What seismic data tell us about rocks below our feet

In the petroleum industry, we use exploration seismology to obtain some properties of rocks below our feet. We artificially generate vibrations at a source point on the ground to emit seismic waves underground. Different rock interfaces reflect seismic waves back to the surface. Detectors on the ground receive this reflected wave and record it as seismic data. The seismic data carries information about the physical properties of the rock, such as velocity and density.

An example of seismic exploration. Image source: Energy Information Australia.

In order to transfer seismic data into rock properties, we first have to find the mathematical relationship between them. There are many physical equations describing this relationship, such as wave equations and Helmholtz equations. Usually, we use Helmholtz equations, which look like this:

    \[\left( \nabla \cdot \frac{1}{\rho}\nabla + \frac{\omega^2}{\rho v^2} \right)P = -S,\]

where ρ is the density, v is the velocity, ω is the frequency, ∇ is the differential operator, P is seismic data observed on the surface and S is the source term that describes the artificially generated vibration.

This equation contains the differential operator, and therefore we need to use an iterative algorithm to solve it. First, we set up an initial subsurface rock model. Then we use the Helmholtz equation to obtain the synthetic seismic data generated by the initial model. Next, we get the difference between the synthetic seismic data and the observed seismic data. By relating this difference to rock properties, we can modify our rock parameters to minimize the difference and eventually obtain an improved subsurface model. Further, we use the modified model as initial model and repeat the above steps until the difference is iterative-tuned to a minimum. Finally, we can use our iterative-tuned model to obtain the actual rock properties from seismic data.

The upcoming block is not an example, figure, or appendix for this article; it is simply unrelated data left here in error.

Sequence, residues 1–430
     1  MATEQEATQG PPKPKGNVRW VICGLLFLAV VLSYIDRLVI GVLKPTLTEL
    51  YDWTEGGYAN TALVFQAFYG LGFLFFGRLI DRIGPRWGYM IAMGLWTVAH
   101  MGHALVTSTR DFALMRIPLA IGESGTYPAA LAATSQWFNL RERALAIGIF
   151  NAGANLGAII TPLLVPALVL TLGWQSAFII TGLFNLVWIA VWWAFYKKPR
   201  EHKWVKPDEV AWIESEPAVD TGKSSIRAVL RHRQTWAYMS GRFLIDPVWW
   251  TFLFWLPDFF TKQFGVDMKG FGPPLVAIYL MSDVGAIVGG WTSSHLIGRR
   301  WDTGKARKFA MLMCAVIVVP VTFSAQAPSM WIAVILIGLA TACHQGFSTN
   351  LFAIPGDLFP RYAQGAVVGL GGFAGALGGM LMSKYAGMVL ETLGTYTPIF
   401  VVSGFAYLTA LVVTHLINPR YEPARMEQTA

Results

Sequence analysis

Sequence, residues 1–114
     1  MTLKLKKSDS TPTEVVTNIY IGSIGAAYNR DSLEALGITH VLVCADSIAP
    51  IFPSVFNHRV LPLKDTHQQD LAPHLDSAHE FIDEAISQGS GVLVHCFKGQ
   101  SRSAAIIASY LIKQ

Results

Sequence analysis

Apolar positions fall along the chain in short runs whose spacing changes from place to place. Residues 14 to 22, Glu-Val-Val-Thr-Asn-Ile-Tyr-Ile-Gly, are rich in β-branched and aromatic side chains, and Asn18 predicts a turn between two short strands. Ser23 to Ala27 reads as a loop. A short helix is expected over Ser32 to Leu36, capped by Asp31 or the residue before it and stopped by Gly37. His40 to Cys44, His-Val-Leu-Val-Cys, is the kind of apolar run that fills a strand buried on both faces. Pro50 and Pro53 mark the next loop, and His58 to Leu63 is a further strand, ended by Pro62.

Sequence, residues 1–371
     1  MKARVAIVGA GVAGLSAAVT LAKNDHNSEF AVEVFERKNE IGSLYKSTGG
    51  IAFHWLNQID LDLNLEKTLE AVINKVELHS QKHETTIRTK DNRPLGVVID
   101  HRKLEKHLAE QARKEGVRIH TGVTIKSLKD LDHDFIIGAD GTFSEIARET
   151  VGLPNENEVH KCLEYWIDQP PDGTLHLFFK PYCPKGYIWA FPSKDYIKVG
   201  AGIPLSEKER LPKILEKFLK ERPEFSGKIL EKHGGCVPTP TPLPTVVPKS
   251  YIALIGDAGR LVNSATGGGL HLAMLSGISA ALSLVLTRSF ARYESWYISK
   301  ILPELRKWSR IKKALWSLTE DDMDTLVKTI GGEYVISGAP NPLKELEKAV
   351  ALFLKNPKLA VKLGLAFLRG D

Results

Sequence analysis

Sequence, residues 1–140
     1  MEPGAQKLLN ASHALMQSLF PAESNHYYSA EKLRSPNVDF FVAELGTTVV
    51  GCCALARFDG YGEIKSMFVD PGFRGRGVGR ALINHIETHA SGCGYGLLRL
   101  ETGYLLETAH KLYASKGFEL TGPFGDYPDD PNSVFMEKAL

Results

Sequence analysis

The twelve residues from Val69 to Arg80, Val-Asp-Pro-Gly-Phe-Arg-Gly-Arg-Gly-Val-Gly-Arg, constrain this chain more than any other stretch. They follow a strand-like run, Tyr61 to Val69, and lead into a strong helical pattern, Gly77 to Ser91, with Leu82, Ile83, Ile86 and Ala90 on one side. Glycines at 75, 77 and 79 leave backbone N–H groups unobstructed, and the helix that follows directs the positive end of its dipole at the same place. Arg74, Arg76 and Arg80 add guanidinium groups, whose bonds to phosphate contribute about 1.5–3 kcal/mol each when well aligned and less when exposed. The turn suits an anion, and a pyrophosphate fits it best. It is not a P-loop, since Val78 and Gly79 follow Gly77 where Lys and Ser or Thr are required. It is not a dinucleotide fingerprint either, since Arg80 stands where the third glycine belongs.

Geophysicists have proved that this iterative-tuning method is an effective means to establish an accurate model for rock properties. Some numerical experiments validate that this method can obtain rock parameters that are almost the same as real subsurface model.

This method seems to be perfect. However, we use it with assumptions about the initial model and the source. First, we need a good initial model to make sure the iterative result is correct. However, in the case of complex geology, obtaining the correct initial model is very difficult. Secondly, the source term is hard to describe the practical source vibration. In addition, this method needs to synthesize seismic data when we need to modify the rock properties, resulting in a huge amount of computation.

We can obtain the information of rock below our feet from seismic data through the geophysical method. Nevertheless, the challenges remain, and we will continue to improve this method using some other mathematical algorithms.

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Kui Xiang


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